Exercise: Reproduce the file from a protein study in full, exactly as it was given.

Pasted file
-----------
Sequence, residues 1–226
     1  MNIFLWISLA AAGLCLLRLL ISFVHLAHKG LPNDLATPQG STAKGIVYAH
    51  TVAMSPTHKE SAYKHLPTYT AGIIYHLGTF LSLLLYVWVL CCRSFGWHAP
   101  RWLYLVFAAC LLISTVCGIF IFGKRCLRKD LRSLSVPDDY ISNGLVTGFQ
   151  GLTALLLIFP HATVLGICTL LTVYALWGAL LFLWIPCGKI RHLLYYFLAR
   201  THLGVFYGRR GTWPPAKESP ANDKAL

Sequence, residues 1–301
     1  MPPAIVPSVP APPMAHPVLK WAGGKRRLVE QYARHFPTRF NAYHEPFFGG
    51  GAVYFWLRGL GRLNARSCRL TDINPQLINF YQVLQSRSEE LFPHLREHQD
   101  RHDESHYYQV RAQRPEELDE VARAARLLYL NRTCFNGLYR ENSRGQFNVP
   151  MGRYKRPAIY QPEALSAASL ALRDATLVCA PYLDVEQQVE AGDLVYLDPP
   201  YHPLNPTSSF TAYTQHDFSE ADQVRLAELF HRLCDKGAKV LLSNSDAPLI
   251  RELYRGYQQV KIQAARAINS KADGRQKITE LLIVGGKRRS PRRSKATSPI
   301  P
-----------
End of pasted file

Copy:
Sequence, residues 1–226
     1  MNIFLWISLA AAGLCLLRLL ISFVHLAHKG LPNDLATPQG STAKGIVYAH
    51  TVAMSPTHKE SAYKHLPTYT AGIIYHLGTF LSLLLYVWVL CCRSFGWHAP
   101  RWLYLVFAAC LLISTVCGIF IFGKRCLRKD LRSLSVPDDY ISNGLVTGFQ
   151  GLTALLLIFP HATVLGICTL LTVYALWGAL LFLWIPCGKI RHLLYYFLAR
   201  THLGVFYGRR GTWPPAKESP ANDKAL

Sequence, residues 1–301
     1  MPPAIVPSVP APPMAHPVLK WAGGKRRLVE QYARHFPTRF NAYHEPFFGG
    51  GAVYFWLRGL GRLNARSCRL TDINPQLINF YQVLQSRSEE LFPHLREHQD
   101  RHDESHYYQV RAQRPEELDE VARAARLLYL NRTCFNGLYR ENSRGQFNVP
   151  MGRYKRPAIY QPEALSAASL ALRDATLVCA PYLDVEQQVE AGDLVYLDPP
   201  YHPLNPTSSF TAYTQHDFSE ADQVRLAELF HRLCDKGAKV LLSNSDAPLI
   251  RELYRGYQQV KIQAARAINS KADGRQKITE LLIVGGKRRS PRRSKATSPI
   301  P